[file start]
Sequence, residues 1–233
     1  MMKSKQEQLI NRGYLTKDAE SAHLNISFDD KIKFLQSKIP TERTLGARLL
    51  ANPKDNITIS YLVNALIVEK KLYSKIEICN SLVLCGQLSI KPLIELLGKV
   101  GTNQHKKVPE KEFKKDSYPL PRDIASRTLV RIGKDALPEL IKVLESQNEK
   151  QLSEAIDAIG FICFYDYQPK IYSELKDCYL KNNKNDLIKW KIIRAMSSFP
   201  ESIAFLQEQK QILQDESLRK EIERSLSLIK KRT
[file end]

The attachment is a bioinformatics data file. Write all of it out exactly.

Sequence, residues 1–233
     1  MMKSKQEQLI NRGYLTKDAE SAHLNISFDD KIKFLQSKIP TERTLGARLL
    51  ANPKDNITIS YLVNALIVEK KLYSKIEICN SLVLCGQLSI KPLIELLGKV
   101  GTNQHKKVPE KEFKKDSYPL PRDIASRTLV RIGKDALPEL IKVLESQNEK
   151  QLSEAIDAIG FICFYDYQPK IYSELKDCYL KNNKNDLIKW KIIRAMSSFP
   201  ESIAFLQEQK QILQDESLRK EIERSLSLIK KRT